The turn of the decade presents some interesting opportunities within the South African housing market.
As it stands, house price growth is slow and economic threats are plenty. Yet, after reviewing internal sales figures for 2019 and other industry reports, experts believe that the 2020 real estate market will hold as many opportunities as it holds challenges.
The weight of these challenges will be shouldered mostly by sellers as we continue to experience a buyer’s market where supply outweighs demand. The opportunity for sellers lies in when they choose to list their home. If, for example, they choose to list shortly after the announcement that interest rates have dropped to 9.75% (prime), they could capitalise on the potential uptake in buyers who are incentivised to take on home loans while interest rates are low.
Buyers too might enjoy the opportunity of securing a good rate on their home loan if they apply now while interest rates are low. Alternatively, buyers can take this time to improve their credit record by using the money they save on interest charges to lower their debts.
Beyond this, buyers are encouraged to capitalise on the fact that house price growth has been slow. Buyers should purchase now before house prices begin to grow at more unaffordable rates.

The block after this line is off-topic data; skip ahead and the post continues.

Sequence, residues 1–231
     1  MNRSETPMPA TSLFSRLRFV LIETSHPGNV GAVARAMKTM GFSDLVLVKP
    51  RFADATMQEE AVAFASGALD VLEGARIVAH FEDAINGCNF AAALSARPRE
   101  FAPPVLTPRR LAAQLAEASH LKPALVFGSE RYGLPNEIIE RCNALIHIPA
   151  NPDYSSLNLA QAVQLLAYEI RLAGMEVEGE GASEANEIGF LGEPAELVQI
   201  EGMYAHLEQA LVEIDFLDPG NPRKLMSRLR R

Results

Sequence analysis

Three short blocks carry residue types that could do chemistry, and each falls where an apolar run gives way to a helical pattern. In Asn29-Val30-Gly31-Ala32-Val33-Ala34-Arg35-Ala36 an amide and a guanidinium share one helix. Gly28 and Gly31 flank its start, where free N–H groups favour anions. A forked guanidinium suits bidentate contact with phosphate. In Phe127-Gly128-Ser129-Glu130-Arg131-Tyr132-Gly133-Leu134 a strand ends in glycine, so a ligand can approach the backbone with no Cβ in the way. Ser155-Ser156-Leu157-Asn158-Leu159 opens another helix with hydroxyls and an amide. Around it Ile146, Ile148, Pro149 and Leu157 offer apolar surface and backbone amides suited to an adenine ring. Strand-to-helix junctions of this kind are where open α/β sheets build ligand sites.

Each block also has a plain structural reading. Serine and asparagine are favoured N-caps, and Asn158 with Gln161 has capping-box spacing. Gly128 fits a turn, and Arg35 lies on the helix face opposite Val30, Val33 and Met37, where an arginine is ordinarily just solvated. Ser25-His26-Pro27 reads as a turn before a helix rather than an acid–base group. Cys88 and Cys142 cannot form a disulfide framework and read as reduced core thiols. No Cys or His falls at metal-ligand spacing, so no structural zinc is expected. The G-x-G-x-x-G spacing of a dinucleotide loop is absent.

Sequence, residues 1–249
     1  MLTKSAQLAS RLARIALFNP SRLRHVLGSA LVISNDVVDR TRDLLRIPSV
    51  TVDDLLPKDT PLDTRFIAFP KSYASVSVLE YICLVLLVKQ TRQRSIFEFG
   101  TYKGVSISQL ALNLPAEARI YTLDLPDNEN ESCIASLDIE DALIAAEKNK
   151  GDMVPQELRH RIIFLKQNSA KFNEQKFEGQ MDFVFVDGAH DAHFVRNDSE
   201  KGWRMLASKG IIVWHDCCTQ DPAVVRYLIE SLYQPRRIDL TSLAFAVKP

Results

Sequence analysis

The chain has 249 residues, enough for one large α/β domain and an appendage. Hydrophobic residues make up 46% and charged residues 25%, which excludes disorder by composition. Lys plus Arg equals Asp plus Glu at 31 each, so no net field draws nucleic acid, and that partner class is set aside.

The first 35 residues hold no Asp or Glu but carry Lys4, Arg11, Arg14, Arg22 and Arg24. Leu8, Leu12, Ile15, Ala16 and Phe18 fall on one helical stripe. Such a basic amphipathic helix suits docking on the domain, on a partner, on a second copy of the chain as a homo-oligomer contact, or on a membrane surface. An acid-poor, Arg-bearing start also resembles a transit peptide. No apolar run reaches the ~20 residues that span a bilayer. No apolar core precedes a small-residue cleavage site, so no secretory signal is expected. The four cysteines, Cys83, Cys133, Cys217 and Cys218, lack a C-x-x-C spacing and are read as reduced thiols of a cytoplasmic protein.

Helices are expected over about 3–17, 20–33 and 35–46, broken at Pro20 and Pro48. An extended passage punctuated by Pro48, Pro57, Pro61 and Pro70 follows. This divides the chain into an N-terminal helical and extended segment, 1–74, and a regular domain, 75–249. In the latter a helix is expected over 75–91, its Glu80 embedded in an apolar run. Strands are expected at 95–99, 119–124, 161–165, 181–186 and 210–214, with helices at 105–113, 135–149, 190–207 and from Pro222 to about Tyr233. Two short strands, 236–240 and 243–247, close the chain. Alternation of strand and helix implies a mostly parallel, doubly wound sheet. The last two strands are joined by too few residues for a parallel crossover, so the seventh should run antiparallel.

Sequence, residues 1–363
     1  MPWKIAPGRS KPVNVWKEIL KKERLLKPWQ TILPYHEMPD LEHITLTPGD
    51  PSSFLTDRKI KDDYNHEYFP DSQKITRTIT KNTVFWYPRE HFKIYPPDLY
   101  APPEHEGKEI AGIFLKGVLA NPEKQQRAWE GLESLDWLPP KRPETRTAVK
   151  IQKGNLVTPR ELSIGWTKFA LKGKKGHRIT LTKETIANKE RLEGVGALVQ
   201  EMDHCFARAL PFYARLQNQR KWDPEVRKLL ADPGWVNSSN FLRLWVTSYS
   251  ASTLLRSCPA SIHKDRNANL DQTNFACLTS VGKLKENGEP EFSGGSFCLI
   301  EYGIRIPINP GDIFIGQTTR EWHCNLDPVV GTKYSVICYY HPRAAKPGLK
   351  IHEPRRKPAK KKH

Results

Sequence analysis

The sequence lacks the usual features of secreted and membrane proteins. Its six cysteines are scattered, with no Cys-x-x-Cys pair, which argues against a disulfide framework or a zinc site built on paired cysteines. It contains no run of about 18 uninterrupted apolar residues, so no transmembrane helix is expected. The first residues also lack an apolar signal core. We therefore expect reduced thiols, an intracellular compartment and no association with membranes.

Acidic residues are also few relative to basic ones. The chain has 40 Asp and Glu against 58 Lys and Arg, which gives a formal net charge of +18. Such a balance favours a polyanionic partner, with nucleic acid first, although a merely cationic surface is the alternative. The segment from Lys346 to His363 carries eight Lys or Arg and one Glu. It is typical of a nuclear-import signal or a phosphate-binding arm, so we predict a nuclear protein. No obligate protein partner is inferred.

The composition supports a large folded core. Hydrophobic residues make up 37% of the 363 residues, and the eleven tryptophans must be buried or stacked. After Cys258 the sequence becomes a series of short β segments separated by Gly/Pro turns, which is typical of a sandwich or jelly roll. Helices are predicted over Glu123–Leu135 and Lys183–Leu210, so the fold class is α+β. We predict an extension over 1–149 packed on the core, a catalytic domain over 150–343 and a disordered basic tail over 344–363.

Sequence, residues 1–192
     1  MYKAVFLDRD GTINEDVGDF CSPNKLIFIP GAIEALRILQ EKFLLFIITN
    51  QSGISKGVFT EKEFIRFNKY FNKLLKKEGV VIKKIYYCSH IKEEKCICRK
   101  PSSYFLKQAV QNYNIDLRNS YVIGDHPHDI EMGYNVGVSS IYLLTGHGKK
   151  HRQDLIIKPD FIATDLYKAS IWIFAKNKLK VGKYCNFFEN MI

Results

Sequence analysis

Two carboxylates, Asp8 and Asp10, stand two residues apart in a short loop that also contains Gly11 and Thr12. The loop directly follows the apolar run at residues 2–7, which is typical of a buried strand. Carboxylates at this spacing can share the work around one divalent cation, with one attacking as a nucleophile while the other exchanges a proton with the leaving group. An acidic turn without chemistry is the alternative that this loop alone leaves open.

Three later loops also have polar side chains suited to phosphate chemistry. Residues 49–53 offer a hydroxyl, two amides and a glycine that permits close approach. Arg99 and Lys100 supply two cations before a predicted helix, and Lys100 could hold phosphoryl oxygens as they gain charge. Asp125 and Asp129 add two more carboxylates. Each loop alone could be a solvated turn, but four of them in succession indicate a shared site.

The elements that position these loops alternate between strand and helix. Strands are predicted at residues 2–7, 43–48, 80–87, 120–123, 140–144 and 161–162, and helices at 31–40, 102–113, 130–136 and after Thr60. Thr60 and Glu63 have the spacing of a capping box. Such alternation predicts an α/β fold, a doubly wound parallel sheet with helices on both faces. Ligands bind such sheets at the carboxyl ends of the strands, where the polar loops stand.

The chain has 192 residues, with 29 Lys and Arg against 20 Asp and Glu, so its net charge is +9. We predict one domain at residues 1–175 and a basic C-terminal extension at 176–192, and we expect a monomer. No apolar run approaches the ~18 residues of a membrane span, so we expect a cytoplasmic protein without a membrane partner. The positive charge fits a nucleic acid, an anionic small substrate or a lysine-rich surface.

As much as the current market favours buyers, certain realities could also be used to the advantage of sellers. For example, by installing eco-friendly alternative energy sources to their home, sellers can choose to turn the ongoing crisis around our national power supply into an opportunity to add value to their home.
In terms of the challenges that sellers might face, larger homes are taking considerably longer to sell than in the past. The luxury market will continue to feel the pinch within this tight economy and the majority of transactions will continue to fall within the affordable price ranges. Sellers within this price bracket are therefore advised to partner with an experienced real estate professional so that the probability of their selling at full value will improve.
Similarly, buyers will continue to feel the pressure of the struggling economy which could hurt their chances of qualifying for a home loan and securing the necessary funds to purchase a home.
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This is how much the average house costs in South Africa – and why banks will offer favourable home loans in 2020
Data from home loan comparison service, Ooba, shows minimal growth of 1.8% in the average house price year-on-year from Q4 2018 to Q4 2019.